This reaction essay is part of the Brookings project—”The One Percent Problem: Muslims in the West and the Rise of the New Populists.” We asked each author to reflect on how reading the other working papers helped them think differently about their own country of focus.
The cases covered in this project show considerable variation. The evolution of a right-wing populist party in a given country is influenced by history and context, political opportunities, migration flows, as well as by public opinion and the reactions of mainstream parties. At the same time, despite this diversity, anti-Islam and anti-Muslim positions are central to all the cases and essential in defining the idea of “the people” and an “Us” vs. “Them” dichotomy. In this regard, discourses in opposition to Islam and against Muslims have become one of the pillars of exclusionary populism, along with anti-establishment appeals and populist claims of being the only genuine representatives of the nation’s people and their interests.
In the different country cases, Islam is interchangeably seen as a faith, a political ideology, a cultural and identity marker, a lifestyle, as well as a civilization in its own right.
In the different country cases, Islam is interchangeably seen as a faith, a political ideology, a cultural and identity marker, a lifestyle, as well as a civilization in its own right. As a result, various and sometimes contradictory understandings of “Islam” can co-exist and be emphasized according to context, speaker, and audience. In secularized societies such as Denmark and the Netherlands, where religion is considered as a private matter, Islam is represented as the main antagonist to Western (liberal) values and principles.
These narratives presume the politicization of Islam and emphasize Islam’s opposition to basic individual rights and liberties, such as freedom of speech and of religion, gender equality, and LGBTQ rights. Accordingly, these more secularized countries regard themselves as “guiding” and exemplary models for liberal, democratic and enlightened nations. This view, as exemplified by the Dutch and Danish case, allows for categorizing Muslims as belonging to a kind of lower civilization stage, whose civic and moral education must be taken care of by the “host society.” Here, the problem is not only cultural, but also economic, since welfare societies have to incur the cost of integrating Muslims. This cultural-economic combination can easily appear unappealing and can contribute to the sentiment among some voters that — to paraphrase the words of the late Pim Fortuyn’s — “we [do] not feel like going through emancipation of women and homosexuals all over again.”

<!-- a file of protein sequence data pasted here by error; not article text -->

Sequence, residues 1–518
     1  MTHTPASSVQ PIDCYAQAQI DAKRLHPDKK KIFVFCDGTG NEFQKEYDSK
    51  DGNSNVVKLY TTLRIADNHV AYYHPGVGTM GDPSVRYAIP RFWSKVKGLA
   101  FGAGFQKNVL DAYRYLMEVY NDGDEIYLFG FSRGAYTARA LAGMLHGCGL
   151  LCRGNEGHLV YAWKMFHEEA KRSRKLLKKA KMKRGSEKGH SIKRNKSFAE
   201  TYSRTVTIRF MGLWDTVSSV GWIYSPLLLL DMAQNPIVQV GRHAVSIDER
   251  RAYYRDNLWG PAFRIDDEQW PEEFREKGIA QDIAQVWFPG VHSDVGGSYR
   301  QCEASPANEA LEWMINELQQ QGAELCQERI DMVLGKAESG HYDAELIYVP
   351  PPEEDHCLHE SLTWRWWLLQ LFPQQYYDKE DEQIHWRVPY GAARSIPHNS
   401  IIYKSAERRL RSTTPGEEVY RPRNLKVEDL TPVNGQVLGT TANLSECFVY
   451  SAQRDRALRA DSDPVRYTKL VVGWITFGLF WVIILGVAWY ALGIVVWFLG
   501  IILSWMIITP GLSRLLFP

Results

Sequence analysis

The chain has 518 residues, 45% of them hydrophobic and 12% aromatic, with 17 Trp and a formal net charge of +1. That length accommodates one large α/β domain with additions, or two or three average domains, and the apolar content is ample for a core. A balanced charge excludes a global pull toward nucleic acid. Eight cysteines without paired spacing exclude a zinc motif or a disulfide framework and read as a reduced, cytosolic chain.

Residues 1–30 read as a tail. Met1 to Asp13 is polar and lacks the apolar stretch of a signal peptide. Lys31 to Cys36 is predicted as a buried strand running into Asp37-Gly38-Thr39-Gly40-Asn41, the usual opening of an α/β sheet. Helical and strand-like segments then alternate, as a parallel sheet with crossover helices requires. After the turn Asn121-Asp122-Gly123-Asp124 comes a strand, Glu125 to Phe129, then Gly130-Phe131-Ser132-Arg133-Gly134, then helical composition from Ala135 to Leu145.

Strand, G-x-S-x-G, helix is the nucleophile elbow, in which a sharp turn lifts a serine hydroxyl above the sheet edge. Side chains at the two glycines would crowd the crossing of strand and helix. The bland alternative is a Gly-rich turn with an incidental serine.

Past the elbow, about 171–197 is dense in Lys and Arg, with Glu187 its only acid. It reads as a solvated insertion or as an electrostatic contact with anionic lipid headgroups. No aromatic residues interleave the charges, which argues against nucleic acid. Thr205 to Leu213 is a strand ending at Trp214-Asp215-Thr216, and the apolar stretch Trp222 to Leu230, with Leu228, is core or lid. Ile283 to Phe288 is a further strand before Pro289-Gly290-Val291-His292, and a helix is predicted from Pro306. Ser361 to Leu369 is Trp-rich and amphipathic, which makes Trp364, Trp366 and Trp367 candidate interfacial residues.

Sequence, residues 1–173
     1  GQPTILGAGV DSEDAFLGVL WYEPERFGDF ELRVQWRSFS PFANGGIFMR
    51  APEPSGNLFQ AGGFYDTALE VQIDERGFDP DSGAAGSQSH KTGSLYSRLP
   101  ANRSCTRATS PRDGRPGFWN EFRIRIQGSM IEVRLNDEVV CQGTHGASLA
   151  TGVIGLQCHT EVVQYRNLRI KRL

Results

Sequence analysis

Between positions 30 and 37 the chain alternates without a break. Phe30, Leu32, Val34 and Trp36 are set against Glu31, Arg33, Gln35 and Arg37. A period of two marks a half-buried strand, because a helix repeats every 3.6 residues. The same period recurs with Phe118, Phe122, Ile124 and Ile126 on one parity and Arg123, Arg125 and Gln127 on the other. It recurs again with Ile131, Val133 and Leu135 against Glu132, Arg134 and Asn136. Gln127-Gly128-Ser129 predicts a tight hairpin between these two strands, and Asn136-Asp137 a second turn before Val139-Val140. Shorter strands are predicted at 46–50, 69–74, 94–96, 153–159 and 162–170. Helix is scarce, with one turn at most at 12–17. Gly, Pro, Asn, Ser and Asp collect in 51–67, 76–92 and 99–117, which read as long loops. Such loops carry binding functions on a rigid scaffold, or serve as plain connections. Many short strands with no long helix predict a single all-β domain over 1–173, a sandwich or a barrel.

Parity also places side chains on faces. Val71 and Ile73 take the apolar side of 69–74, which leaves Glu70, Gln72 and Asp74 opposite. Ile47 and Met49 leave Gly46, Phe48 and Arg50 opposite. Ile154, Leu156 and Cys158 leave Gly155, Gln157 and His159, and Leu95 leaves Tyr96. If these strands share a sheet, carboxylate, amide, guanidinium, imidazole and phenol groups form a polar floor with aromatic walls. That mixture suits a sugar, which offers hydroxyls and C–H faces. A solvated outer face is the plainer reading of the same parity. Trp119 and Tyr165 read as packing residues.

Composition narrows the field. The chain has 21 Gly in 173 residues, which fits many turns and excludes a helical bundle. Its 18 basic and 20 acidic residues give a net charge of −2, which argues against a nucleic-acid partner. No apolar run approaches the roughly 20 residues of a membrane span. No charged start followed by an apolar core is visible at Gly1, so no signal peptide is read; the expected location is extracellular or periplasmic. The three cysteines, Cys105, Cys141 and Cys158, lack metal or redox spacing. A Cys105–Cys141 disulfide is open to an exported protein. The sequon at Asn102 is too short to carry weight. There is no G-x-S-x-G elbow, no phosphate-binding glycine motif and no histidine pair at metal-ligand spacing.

Not surprisingly in countries like Denmark and the Netherlands, but also in Norway and in Finland, the question of gender equality occupies a central role regarding anti-Islam narratives. This does not mean that “Christian” perspectives disappear entirely. Among the Danish politicians we interviewed, the explicit reference to the role of the Protestant church still occasionally comes up and is used to mobilize the audience against the perceived threat of rapid cultural change, particularly when that change involves Islam.
This poses an interesting question about the “return of religion” and how it is mobilized in an age of secularization and waning confessional divides. The case of Italian politician Matteo Salvini, the League’s party leader, and particularly his now frequent use of rosary beads and invocation of the Catholic faith, rather paradigmatically show how religious symbols can be employed for political purposes. Salvini triggered critical reactions from prominent Catholic figures as well as from former political ally Prime Minister Giuseppe Conte, who, in a speech given to the Senate on August 20, 2019 on the occasion of the government crisis sparked by Salvini himself, remarked that the latter’s “use of the religious symbols offended the sentiments of believers and risks to undermine the principle of state secularism, which is at the basis of today’s modern state.” This not only shows how individual politicians and parties relate differently to the role of religion but underlines how the explicit use of religious symbols and references is part of the mobilization toolkit used by right-wing populists in Poland, Hungary, Italy, and Austria. In contrast, Danish/Nordic populists respond by promoting a largely cultural understanding of (Christian Protestant) religion that nicely overlaps with their ethnonationalist and identarian platform.